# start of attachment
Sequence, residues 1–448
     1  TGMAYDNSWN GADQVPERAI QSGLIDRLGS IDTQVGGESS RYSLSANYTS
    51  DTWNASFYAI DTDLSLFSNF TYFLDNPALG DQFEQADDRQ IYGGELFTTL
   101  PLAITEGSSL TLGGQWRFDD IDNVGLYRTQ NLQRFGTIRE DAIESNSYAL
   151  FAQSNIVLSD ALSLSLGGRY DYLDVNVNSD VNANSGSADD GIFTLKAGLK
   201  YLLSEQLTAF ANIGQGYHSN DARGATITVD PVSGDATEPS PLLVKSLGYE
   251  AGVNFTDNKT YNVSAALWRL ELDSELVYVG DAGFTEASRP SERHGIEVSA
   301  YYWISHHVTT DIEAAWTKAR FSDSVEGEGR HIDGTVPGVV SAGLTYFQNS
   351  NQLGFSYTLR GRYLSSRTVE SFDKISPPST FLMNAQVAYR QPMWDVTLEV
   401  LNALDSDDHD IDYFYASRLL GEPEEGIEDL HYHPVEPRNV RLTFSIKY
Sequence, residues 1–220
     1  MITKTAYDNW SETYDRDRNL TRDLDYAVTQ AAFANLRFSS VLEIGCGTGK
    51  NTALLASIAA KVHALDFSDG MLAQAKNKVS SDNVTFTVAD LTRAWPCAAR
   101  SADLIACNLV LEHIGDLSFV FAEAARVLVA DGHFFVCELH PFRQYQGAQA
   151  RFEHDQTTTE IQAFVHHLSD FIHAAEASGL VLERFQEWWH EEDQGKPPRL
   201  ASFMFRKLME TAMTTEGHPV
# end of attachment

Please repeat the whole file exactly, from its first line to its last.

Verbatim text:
Sequence, residues 1–448
     1  TGMAYDNSWN GADQVPERAI QSGLIDRLGS IDTQVGGESS RYSLSANYTS
    51  DTWNASFYAI DTDLSLFSNF TYFLDNPALG DQFEQADDRQ IYGGELFTTL
   101  PLAITEGSSL TLGGQWRFDD IDNVGLYRTQ NLQRFGTIRE DAIESNSYAL
   151  FAQSNIVLSD ALSLSLGGRY DYLDVNVNSD VNANSGSADD GIFTLKAGLK
   201  YLLSEQLTAF ANIGQGYHSN DARGATITVD PVSGDATEPS PLLVKSLGYE
   251  AGVNFTDNKT YNVSAALWRL ELDSELVYVG DAGFTEASRP SERHGIEVSA
   301  YYWISHHVTT DIEAAWTKAR FSDSVEGEGR HIDGTVPGVV SAGLTYFQNS
   351  NQLGFSYTLR GRYLSSRTVE SFDKISPPST FLMNAQVAYR QPMWDVTLEV
   401  LNALDSDDHD IDYFYASRLL GEPEEGIEDL HYHPVEPRNV RLTFSIKY
Sequence, residues 1–220
     1  MITKTAYDNW SETYDRDRNL TRDLDYAVTQ AAFANLRFSS VLEIGCGTGK
    51  NTALLASIAA KVHALDFSDG MLAQAKNKVS SDNVTFTVAD LTRAWPCAAR
   101  SADLIACNLV LEHIGDLSFV FAEAARVLVA DGHFFVCELH PFRQYQGAQA
   151  RFEHDQTTTE IQAFVHHLSD FIHAAEASGL VLERFQEWWH EEDQGKPPRL
   201  ASFMFRKLME TAMTTEGHPV